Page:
Firstly, we will focus on reinforcing the security policy cooperation in our region.
As touched upon, the security landscape in our neighbourhood has undergone a profound shift, with both conventional and new threats facing us. In addition, all Nordic-Baltic countries will soon be NATO Allies for the first time. The new situation both demands – and provides an opportunity for – a deepened regional cooperation on security policy issues.
We have an interest in sharing assessments, in shaping the security environment, in a strong EU and NATO, and in a transatlantic engagement in the Baltic Sea region.
As chair, we will also be inviting other countries to participate in meetings on an ad-hoc basis. Poland and Germany, as littoral states on the Baltic Sea, are of course also important as we seek to intensify the regional cooperation.
Together, the Nordic and Baltic countries have a unique insight and deep knowledge of Russia. A natural and necessary part of our dialogue is how to address the long-term threat posed by Russia. We will also increase our coordination on Belarus.
Secondly, we will reaffirm our unwavering commitment to Ukraine’s freedom, sovereignty and territorial integrity.
All Nordic-Baltic countries are committed to the preservation a free, independent, democratic and sovereign Ukraine. Continued support to Ukraine in regaining its territorial integrity and developing its defence capabilities is essential to deter future aggression.
Reconstruction, macroeconomic and humanitarian support, continued reform cooperation and holding Russia accountable for its violations of international law are all areas where we will contribute. Further integration with the EU, drawing on our experiences in completing and supporting EU accessions, is vital, as is private sector involvement.
The eight Nordic-Baltic countries are among the firmest supporters of Ukraine. Jointly, we have contributed over 17 billion Euros to Ukraine since 2022. As a share of GDP, the top five contributors in the world are all Nordic-Baltic countries.
Thirdly, we will prioritise reaching out globally in support for Ukraine and the international rules-based order.
Russia’s aggression is a threat to international peace and security. In blatant violation of international law, Russia is attempting to deny Ukraine its right to exist as a sovereign nation. If we allow this to happen, Russia will continue its colonial ambitions, seeking to dominate its neighbours.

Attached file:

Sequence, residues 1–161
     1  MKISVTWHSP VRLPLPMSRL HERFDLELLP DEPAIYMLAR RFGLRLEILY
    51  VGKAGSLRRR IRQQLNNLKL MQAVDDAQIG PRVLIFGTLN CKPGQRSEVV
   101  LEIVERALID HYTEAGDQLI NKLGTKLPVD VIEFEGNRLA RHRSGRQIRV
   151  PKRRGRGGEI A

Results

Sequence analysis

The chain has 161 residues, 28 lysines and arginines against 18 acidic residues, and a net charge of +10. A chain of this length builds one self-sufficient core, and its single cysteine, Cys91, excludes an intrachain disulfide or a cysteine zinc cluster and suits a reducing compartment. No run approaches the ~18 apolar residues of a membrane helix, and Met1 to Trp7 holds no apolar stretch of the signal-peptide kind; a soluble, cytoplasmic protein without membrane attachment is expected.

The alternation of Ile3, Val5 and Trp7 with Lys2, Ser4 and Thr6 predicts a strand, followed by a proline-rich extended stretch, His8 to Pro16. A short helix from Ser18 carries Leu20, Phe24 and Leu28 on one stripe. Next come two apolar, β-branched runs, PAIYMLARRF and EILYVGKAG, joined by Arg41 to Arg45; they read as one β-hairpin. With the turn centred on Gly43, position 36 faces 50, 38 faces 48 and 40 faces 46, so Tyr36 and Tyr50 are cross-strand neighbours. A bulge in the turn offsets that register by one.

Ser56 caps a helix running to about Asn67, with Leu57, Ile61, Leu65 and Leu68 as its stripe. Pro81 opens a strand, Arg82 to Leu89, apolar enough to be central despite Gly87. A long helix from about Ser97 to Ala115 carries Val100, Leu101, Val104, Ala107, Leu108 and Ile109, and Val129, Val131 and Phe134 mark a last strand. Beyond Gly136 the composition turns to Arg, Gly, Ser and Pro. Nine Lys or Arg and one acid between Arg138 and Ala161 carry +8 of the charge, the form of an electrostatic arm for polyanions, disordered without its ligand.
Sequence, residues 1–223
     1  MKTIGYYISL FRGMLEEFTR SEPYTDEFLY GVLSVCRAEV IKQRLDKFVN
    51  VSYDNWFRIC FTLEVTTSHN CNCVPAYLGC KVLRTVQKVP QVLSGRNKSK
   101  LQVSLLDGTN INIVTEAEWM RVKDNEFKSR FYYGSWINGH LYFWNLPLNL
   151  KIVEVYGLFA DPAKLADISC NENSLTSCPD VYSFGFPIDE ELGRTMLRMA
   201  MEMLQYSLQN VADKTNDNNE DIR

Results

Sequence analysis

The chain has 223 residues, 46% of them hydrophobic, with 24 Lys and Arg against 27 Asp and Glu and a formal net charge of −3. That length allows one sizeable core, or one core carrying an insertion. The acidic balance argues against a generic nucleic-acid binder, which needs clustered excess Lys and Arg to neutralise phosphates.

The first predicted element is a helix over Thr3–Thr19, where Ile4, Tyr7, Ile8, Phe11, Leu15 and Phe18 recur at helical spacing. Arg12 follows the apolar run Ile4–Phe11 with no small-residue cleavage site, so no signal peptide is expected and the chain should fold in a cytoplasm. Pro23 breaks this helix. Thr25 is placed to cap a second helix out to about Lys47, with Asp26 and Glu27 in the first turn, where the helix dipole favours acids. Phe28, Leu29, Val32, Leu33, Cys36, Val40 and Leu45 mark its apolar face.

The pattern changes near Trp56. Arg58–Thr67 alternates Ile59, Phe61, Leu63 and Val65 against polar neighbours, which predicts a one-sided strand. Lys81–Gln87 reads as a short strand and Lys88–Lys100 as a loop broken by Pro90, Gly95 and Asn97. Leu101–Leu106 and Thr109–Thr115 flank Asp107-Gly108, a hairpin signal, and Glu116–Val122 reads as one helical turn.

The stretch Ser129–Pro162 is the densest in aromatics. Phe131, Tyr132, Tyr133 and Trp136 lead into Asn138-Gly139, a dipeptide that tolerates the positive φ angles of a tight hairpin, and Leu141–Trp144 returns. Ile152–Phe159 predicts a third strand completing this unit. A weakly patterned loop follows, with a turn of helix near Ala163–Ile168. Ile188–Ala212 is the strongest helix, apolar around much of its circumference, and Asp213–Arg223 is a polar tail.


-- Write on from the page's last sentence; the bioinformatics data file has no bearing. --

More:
As the full-scale invasion soon enters its third year, it remains crucial to sustain international focus on countering Russia’s aggression.
A just, comprehensive and lasting peace based on the principles of the UN Charter is in the interest of us all. We must all stand up for the international rules-based order. We must ensure that ‘might means right’ will not be accepted and become common practice. At the core of the European security order is the sovereign right of every state to make its own security policy choices.
Last year, the NB8 foreign ministers made joint trips to both Ukraine and Moldova. This year, we are also hoping to travel outside our immediate neighbourhood, sharing experiences from our regional integration and collaboration, and having a dialogue on how we all together can best support Ukraine’s right to freedom.
Moreover, building on our strong commitment to the multilateral system – and the Baltic experience of Soviet occupation followed by a rapid democratisation – we also want to discuss the challenges and opportunities that dominate our global partners’ agendas, and how we can develop a closer cooperation on these issues.
The Nordic-Baltic formats enable us to coordinate, be flexible and respond to current issues. They make us able to speak with a common, stronger voice. As a unit, and as a collaborative partner.
We are very excited to have taken over the coordination of both the N5 and NB8 at this important time. I hope that the Nordic-Baltic cooperation can be deepened even further in 2024 – but also that we, as a Nordic and Nordic-Baltic group, can develop our dialogue and cooperation with all of you in this room.
Thank you all.